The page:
How well known is your business? Prominence refers to the popularity of a company. It is measured based on the web information Google has about a business (such as links, articles, directories, & customer reviews). Your position in the web results is also included. Thus, SEO practices also apply to local search optimization.


Optimizing your site for Google’s Local Pack

There’s no extra work required to sign up for your business to appear in Google’s Local Pack. These search results are generated through the information in Google’s business listings, so if you’ve set up your business account or your business is already listed in this database, then you should be eligible to appear in the Local Pack.

If you haven’t claimed your Google My Business listing yet, visit the Google My Business website and complete the steps to claim ownership. Once you own your Google My Business listing, the best thing you can do is to make sure your profile is optimized for maximum visibility. Google offers a handful of tips to improve your odds of appearing in the Local Pack:

  • Enter as much information about your business as possible. The more complete your business profile is, the more Google’s algorithm is likely to favor you. Make sure your information is accurate and up to date, including your physical address, your business category, and key attributes of your business. This information is used by Google to determine if your business is relevant to a particular search.
  • Verify your location. Google offers a verification process to ensure the accuracy of location information. This affects not just your Local Pack results, but also your organic search ranking and your visibility in products such as Google Maps. Visit your Google My Business page to check your verification status and complete the process, if needed.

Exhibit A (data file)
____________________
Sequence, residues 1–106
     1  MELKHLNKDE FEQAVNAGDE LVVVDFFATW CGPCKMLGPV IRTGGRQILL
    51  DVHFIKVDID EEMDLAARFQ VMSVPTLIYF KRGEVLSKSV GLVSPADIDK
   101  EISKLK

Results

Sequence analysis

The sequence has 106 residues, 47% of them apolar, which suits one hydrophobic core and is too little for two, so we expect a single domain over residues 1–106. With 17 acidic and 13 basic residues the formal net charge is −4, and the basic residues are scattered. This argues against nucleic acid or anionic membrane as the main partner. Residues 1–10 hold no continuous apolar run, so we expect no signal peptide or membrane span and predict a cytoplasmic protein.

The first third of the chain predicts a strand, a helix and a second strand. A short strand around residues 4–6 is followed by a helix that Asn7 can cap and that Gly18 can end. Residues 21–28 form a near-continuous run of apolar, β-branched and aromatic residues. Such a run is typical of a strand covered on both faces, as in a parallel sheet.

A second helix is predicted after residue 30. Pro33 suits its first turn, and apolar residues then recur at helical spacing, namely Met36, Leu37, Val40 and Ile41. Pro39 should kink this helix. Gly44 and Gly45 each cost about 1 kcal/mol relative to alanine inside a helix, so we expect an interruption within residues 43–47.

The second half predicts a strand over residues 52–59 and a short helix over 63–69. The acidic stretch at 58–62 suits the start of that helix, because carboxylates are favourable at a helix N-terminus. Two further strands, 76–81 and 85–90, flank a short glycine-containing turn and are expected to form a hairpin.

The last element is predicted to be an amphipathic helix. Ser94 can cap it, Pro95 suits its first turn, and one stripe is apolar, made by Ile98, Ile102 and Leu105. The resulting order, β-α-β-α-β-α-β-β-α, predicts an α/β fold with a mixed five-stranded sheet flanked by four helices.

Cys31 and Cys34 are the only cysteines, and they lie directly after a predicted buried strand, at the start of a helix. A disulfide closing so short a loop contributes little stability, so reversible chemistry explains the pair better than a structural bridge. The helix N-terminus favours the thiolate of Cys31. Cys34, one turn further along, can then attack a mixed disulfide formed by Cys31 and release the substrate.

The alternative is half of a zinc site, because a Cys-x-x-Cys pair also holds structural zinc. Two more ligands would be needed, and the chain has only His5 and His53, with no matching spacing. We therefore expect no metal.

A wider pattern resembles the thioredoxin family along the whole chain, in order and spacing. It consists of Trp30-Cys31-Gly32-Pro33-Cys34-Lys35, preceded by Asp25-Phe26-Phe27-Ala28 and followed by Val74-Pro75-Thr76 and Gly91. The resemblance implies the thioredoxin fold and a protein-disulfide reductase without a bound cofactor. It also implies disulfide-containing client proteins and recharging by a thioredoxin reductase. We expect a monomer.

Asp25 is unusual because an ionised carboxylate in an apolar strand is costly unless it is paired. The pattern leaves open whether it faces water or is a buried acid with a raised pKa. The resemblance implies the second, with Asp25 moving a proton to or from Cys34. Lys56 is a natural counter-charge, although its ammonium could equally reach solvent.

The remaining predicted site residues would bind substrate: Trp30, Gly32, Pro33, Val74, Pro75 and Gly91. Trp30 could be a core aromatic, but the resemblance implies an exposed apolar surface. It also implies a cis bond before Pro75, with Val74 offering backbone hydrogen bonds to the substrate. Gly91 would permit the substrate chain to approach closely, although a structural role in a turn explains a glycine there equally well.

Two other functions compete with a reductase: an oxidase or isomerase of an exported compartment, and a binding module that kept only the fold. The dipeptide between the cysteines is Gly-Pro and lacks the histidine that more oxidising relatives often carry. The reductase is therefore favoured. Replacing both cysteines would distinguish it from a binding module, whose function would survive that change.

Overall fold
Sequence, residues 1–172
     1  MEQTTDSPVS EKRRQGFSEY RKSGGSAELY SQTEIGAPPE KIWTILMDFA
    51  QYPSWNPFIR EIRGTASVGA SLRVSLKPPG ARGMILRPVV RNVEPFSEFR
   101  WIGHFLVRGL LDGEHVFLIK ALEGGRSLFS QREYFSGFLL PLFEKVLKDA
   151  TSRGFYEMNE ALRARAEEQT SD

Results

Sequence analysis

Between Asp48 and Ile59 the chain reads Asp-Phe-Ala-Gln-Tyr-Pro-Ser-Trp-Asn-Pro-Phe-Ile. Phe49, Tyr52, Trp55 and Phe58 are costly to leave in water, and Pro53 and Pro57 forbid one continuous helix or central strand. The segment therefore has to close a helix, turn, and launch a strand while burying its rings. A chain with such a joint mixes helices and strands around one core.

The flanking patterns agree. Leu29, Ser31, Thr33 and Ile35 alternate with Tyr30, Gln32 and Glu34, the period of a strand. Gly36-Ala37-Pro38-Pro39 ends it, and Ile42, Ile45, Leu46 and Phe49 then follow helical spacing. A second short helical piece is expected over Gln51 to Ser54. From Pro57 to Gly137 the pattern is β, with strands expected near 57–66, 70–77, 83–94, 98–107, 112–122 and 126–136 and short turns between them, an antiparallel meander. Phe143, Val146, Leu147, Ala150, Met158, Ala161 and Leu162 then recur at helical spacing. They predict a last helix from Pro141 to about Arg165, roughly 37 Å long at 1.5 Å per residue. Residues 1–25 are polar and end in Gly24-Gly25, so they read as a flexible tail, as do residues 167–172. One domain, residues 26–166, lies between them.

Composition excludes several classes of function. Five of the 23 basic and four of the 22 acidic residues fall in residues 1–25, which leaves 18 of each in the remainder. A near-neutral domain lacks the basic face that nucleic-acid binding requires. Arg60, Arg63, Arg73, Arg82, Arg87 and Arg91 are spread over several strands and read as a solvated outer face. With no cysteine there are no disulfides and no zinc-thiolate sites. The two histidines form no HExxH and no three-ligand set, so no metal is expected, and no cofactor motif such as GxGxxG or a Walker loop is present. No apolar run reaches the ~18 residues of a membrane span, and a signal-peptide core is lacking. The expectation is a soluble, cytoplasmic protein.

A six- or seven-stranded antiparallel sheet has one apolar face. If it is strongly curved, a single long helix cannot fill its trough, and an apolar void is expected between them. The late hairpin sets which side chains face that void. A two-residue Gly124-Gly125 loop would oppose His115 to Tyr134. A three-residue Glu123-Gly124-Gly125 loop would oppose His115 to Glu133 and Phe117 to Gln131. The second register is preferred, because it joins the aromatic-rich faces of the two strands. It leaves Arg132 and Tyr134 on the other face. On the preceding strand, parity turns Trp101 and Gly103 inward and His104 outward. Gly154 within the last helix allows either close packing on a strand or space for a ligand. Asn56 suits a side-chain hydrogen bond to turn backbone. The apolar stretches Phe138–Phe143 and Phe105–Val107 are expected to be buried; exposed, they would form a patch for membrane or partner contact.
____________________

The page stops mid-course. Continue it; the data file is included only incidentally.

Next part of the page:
• Add photos to your business listing. Pictures of the storefront, interior, menu, and other elements are used by search users to determine whether they would like to visit a business location. Provide these photos to expand on the information available about your business through the Local Pack.
  • Update information as it changes. If you extend or change your hours, make sure you update your profile. This is true for official holidays: Google lets business owners verify their holiday hours, which can boost their visibility around these holidays by giving users more reliable results in the Local Pack.
  • Respond to online reviews to demonstrate customer service and engage with your customers. Google’s algorithm values businesses that respond to customer reviews, and the company reports that doing so can result in greater visibility.


Wrapping it Up

Google’s Local Search algorithm is extremely advanced and there is no easy way around it.  The best thing that you can do is keep adding localized content to your website and Google My Business (GMB) profile in order to keep helping Google understand where you operate. While this isn’t the perfect solution, it’s where we are for now, and it’s not changing anytime soon.